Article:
PubMed Abstract | CrossRef Full Text | Google Scholar

35. Kinnaird A, Zhao S, Wellen KE, Michelakis ED. Metabolic control of epigenetics in cancer. Nat Rev Cancer. (2016) 16:694–707. doi: 10.1038/nrc.2016.82

PubMed Abstract | CrossRef Full Text | Google Scholar

36. Isaacs JS, Jung YJ, Mole DR, Lee S, Torres-Cabala C, Chung Y-L, et al. HIF overexpression correlates with biallelic loss of fumarate hydratase in renal cancer: novel role of fumarate in regulation of HIF stability. Cancer Cell. (2005) 8:143–53. doi: 10.1016/j.ccr.2005.06.017

PubMed Abstract | CrossRef Full Text | Google Scholar

37. Selak MA, Armour SM, MacKenzie ED, Boulahbel H, Watson DG, Mansfield KD, et al. Succinate links TCA cycle dysfunction to oncogenesis by inhibiting HIF-alpha prolyl hydroxylase. Cancer Cell. (2005) 7:77–85. doi: 10.1016/j.ccr.2004.11.022

PubMed Abstract | CrossRef Full Text | Google Scholar

38. Frezza C, Zheng L, Folger O, Rajagopalan KN, MacKenzie ED, Jerby L, et al. Haem oxygenase is synthetically lethal with the tumour suppressor fumarate hydratase. Nature. (2011) 477:225–8. doi: 10.1038/nature10363

PubMed Abstract | CrossRef Full Text | Google Scholar

39. Faubert B, Li KY, Cai L, Hensley CT, Kim J, Zacharias LG, et al. Lactate metabolism in human lung tumors. Cell. (2017) 171:358–71.e9. doi: 10.1016/j.cell.2017.09.019

PubMed Abstract | CrossRef Full Text | Google Scholar

40. Fiaschi T, Marini A, Giannoni E, Taddei ML, Gandellini P, De Donatis A, et al. Reciprocal metabolic reprogramming through lactate shuttle coordinately influences tumor-stroma interplay. Cancer Res. (2012) 72:5130–40. doi: 10.1158/0008-5472.CAN-12-1949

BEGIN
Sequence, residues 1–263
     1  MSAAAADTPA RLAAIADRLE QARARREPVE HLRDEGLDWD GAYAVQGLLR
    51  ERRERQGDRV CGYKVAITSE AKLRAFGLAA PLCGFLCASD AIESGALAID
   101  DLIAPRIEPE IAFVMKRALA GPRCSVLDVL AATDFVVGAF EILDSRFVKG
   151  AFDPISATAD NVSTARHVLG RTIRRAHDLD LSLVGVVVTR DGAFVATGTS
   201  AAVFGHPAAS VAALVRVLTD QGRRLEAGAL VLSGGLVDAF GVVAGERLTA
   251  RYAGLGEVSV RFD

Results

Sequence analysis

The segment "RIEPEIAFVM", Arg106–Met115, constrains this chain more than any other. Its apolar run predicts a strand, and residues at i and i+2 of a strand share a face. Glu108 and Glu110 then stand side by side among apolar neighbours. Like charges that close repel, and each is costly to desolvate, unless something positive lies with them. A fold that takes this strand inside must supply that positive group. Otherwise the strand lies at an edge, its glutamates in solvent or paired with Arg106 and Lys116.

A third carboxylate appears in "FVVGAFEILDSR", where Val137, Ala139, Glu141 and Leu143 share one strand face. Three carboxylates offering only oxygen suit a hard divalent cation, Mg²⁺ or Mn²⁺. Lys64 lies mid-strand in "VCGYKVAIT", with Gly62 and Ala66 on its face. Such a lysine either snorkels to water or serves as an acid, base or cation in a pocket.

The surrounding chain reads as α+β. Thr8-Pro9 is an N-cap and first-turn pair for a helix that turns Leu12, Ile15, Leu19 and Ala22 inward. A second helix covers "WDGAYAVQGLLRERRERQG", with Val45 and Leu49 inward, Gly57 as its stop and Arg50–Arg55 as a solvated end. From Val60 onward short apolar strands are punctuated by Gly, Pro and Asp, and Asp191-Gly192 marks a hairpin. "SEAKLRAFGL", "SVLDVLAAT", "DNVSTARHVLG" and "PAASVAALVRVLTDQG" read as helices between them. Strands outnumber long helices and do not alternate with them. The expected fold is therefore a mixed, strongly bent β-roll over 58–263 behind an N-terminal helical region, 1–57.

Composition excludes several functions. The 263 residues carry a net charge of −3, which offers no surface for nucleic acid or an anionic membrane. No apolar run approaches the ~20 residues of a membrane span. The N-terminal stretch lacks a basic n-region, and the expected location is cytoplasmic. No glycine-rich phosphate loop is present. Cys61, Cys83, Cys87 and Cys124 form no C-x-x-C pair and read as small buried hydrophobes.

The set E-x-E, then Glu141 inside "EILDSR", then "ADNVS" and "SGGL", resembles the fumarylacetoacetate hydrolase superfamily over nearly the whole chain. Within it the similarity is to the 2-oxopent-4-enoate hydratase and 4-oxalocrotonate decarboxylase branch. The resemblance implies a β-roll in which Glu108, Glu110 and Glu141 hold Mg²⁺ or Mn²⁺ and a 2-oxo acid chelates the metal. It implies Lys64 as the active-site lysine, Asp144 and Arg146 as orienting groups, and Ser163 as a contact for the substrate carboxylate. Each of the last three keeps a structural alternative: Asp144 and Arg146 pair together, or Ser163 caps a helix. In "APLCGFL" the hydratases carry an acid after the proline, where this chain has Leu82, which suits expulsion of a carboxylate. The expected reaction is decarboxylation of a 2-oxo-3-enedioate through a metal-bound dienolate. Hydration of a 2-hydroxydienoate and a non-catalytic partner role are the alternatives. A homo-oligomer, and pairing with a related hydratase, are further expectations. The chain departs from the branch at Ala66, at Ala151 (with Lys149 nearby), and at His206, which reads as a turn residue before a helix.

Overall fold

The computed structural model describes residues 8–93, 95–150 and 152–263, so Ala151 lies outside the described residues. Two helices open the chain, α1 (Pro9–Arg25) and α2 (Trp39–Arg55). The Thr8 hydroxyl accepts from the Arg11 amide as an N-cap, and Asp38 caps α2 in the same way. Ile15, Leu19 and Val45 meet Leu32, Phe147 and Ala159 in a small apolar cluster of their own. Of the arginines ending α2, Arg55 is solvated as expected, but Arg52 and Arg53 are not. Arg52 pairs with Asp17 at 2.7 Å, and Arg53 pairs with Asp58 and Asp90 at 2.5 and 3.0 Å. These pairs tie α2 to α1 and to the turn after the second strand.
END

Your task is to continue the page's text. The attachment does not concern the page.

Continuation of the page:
PubMed Abstract | CrossRef Full Text | Google Scholar

41. Zhang D, Wang Y, Shi Z, Liu J, Sun P, Hou X, et al. Metabolic reprogramming of cancer-associated fibroblasts by IDH3α downregulation. Cell Rep. (2015) 10:1335–48. doi: 10.1016/j.celrep.2015.02.006

PubMed Abstract | CrossRef Full Text | Google Scholar

42. Peppicelli S, Toti A, Giannoni E, Bianchini F, Margheri F, Del Rosso M, et al. Metformin is also effective on lactic acidosis-exposed melanoma cells switched to oxidative phosphorylation. Cell Cycle Georget Tex. (2016) 15:1908–18. doi: 10.1080/15384101.2016.1191706

PubMed Abstract | CrossRef Full Text | Google Scholar

43. LeBleu VS, O'Connell JT, Gonzalez Herrera KN, Wikman H, Pantel K, Haigis MC, et al. PGC-1α mediates mitochondrial biogenesis and oxidative phosphorylation in cancer cells to promote metastasis. Nat Cell Biol. (2014) 16:992–1003:1–15. doi: 10.1038/ncb3039

CrossRef Full Text | Google Scholar

44. Sancho P, Burgos-Ramos E, Tavera A, Bou Kheir T, Jagust P, Schoenhals M, et al. MYC/PGC-1α balance determines the metabolic phenotype and plasticity of pancreatic cancer stem cells. Cell Metab. (2015) 22:590–605. doi: 10.1016/j.cmet.2015.08.015

PubMed Abstract | CrossRef Full Text | Google Scholar

45. Giannoni E, Taddei ML, Morandi A, Comito G, Calvani M, Bianchini F, et al. Targeting stromal-induced pyruvate kinase M2 nuclear translocation impairs oxphos and prostate cancer metastatic spread. Oncotarget. (2015) 6:24061–74. doi: 10.18632/oncotarget.4448

PubMed Abstract | CrossRef Full Text | Google Scholar

46. Chen J, Guccini I, Di Mitri D, Brina D, Revandkar A, Sarti M, et al. Compartmentalized activities of the pyruvate dehydrogenase complex sustain lipogenesis in prostate cancer. Nat Genet. (2018) 50:219–28. doi: 10.1038/s41588-017-0026-3

CrossRef Full Text | Google Scholar

47. Hui S, Ghergurovich JM, Morscher RJ, Jang C, Teng X, Lu W, et al. Glucose feeds the TCA cycle via circulating lactate. Nature. (2017) 551:115–8. doi: 10.1038/nature24057